What, More Internet IPOs? Not Again!

The flood of offerings could put a quick end to the hoopla if supply surpasses demand again.
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From the looks of things, the Internet IPO market is back to its old, astonishing form.

This week looks like a record for offerings for the year -- the Street is expected to see 26 deals, narrowly beating the week ending July 30, when 25 companies went public. Next week, another 23 are set to price, and 50 are on the slate for October, according to

Thomson Financial Securities Data

.

And IPOs are again doing their best bottle-rocket impressions. On Wednesday,

Kana Communications

(KANA)

,

E.piphany

(EPNY)

and

Broadbase Software

(BBSW)

each soared on their opening day. Kana closed up 243%, while E.piphany shot up 182% and Broadbase gained 95%.

But don't let these numbers fool you. The market looks so good largely because of pent-up demand, which stemmed from a dearth of offerings in August and early September, say people who follow the IPO market. In addition, many offerings have been adjusted downward, both in terms of price and the number of shares, which has made first-day increases easier.

"There's a lot of games being played with price ranges and shares to try to get these out the door," says Tom Taulli, an analyst with

internet.com

(INTM)

.

And the flood of offerings coming into the market could put a quick end to the hoopla if supply surpasses demand again. Investors also are seeing more me-too offerings, which come from companies in the same line of business. Investors often fear that more entrants into a field simply increase competition, and so they push down shares in the group. This helped muffle the IPO party last month. This week,

eGain

(EGAN) - Get Report

is expected to follow E.piphany and Broadbase, all of which provide customer-service solutions for e-businesses.

But for now, there's enough demand, along with enough engineering of deal structures, to make the market look good.

On Sept. 16, for example,

Luminant Worldwide

(LUMT)

, an Internet consulting firm, got attention because of its 51% increase on its first day. But it had slashed its shares offered to 5 million from 12.6 million, while increasing its range to 15 to 17 from 11 to 13.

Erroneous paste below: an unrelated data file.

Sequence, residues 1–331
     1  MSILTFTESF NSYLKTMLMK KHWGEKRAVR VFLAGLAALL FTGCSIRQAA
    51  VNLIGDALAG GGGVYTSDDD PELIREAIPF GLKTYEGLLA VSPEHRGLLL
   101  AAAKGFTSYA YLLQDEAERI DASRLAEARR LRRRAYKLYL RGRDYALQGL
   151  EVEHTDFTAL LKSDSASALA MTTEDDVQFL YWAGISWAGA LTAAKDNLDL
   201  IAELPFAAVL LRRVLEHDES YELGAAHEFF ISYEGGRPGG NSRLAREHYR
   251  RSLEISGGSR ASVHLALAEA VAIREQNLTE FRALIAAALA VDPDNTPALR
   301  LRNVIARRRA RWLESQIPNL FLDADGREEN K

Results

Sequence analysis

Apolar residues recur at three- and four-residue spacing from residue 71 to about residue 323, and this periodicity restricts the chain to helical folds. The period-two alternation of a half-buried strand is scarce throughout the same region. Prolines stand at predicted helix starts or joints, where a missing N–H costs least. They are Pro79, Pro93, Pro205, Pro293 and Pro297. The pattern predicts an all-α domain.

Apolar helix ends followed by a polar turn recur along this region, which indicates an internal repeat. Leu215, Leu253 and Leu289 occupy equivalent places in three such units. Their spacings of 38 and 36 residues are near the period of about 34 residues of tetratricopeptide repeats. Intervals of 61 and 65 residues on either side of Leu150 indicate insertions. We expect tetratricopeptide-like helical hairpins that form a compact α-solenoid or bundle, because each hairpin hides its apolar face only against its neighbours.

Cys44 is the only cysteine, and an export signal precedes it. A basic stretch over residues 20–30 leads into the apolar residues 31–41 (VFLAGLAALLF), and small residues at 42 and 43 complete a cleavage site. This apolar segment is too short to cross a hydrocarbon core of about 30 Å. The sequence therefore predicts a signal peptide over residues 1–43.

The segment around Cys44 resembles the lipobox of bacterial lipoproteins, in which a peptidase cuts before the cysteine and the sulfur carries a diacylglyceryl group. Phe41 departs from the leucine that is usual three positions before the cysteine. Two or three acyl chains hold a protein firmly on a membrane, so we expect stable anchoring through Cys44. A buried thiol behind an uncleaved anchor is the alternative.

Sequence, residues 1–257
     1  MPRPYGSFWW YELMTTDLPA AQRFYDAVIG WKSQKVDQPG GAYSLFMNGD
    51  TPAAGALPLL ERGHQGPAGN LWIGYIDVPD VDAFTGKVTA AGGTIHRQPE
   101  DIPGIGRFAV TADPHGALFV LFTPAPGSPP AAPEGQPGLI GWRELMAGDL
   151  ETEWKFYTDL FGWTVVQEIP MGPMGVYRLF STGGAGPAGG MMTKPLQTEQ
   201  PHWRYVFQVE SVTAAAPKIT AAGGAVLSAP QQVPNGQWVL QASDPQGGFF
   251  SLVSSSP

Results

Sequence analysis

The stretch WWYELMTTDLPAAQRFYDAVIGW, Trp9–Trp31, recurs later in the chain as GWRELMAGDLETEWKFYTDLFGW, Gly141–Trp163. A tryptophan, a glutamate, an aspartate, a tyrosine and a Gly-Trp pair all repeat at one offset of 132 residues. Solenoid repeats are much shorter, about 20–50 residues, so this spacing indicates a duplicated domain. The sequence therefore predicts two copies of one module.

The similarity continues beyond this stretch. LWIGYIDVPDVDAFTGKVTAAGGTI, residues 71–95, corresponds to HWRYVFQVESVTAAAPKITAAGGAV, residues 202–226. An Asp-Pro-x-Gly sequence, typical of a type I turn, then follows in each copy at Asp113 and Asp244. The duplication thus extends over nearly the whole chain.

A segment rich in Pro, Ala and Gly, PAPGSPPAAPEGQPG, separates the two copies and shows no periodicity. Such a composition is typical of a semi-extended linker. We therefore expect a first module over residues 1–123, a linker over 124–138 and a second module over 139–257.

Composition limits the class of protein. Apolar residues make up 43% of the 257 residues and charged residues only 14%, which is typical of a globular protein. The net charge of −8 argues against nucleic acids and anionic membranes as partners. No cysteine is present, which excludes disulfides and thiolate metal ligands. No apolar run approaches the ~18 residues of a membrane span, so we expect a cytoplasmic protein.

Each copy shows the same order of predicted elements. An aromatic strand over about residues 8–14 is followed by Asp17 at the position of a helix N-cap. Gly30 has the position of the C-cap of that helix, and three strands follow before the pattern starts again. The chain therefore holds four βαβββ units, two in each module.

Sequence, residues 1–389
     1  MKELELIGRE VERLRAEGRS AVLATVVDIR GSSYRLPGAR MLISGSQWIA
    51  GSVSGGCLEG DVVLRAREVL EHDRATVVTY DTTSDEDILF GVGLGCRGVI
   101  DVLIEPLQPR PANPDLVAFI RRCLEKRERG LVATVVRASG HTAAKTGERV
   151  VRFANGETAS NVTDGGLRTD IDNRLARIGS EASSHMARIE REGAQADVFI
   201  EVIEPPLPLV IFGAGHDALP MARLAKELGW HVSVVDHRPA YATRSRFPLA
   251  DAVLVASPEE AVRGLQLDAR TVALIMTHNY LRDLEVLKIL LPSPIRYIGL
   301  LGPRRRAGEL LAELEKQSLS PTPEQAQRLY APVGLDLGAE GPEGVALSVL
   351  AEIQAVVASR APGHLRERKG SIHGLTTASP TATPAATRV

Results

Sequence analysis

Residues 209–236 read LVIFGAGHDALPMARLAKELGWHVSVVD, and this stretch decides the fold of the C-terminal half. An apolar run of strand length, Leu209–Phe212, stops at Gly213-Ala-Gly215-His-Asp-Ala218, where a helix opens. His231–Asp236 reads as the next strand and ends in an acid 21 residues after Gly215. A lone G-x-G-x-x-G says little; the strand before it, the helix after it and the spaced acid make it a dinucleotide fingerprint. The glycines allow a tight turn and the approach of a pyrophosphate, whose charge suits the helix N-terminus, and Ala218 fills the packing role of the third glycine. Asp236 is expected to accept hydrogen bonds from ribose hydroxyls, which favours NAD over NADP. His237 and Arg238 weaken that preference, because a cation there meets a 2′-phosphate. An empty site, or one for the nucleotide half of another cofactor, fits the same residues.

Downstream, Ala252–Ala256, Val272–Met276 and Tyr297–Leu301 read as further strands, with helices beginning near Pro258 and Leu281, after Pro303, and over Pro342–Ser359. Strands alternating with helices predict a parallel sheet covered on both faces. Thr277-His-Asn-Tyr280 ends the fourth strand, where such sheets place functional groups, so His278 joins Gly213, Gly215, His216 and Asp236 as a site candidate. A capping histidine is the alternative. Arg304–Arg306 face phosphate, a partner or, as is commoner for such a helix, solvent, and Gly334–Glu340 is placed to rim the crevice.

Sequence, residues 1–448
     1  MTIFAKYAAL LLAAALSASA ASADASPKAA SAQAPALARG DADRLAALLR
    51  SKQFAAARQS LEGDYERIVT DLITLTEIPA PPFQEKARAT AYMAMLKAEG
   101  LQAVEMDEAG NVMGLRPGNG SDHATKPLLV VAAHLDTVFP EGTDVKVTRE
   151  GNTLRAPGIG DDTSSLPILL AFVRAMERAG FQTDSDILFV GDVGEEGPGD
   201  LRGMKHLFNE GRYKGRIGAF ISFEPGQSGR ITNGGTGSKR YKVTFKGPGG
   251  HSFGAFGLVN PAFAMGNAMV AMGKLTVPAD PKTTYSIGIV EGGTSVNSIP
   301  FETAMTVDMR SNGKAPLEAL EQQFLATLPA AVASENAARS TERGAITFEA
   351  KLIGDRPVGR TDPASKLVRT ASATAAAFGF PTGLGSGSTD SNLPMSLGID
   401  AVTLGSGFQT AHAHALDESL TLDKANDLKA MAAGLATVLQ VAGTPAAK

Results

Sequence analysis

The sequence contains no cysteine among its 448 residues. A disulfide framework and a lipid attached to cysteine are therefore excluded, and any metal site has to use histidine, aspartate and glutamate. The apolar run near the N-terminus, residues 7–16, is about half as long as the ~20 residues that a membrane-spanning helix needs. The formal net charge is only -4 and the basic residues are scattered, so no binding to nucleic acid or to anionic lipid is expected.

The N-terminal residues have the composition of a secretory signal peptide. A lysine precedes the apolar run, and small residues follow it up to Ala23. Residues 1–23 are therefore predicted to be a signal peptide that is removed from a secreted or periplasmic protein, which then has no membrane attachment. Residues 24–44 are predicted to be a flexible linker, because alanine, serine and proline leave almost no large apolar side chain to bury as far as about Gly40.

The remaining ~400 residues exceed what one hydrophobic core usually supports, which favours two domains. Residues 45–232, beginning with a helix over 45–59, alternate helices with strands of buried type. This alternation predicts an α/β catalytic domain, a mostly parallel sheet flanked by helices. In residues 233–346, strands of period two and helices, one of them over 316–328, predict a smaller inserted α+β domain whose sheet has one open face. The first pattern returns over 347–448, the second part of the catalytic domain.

Luminant isn't the only company that's had to make revisions. According to

CommScan

, a New York-based data-tracker, 14 companies that will have gone public by the end of the month will have revised their number of shares being offered or prices downward, with 10 of those raising less money than originally expected. Of those companies, two --

AirGate PCS

, slated to go this week, and

DSL.net

(DSLN)

, slated for the first week of October -- were postponements from last month. Other companies that have made price or share revisions downward include

Medscape

(MSCP)

, underwritten by

Donaldson Lufkin & Jenrette

(DLJ)

,

yesmail.com

(YESM)

, DSL.net and

Freeshop.com

(FSHP)

, all backed by

Deutsche Banc Alex. Brown

and

PCQuote.com

(PCQT)

, backed by

Prudential

.

"When you cut the price range it means you can't get the deal done

at the higher price, and the IPOs don't do well in the aftermarket," says Revell Horsey, director of equity markets at

Banc of America Securities

in San Francisco.

But for now, cutting price ranges seems to be working.

NETsilicon

(NSIL)

, a Waltham, Mass.-based company that develops semiconductor devices, cut its price range to 8 to 10 from 12 to 14, and priced at 7. Now it's trading at just under 15.

"This is actually healthy," says Horsey, who suggests that as the competition gets tougher, perhaps the Internet IPO market will approach normal levels. "Issuers are beginning to realize that some of the Internet sizzle has dissipated and they just need to become more realistic on valuation and expectations."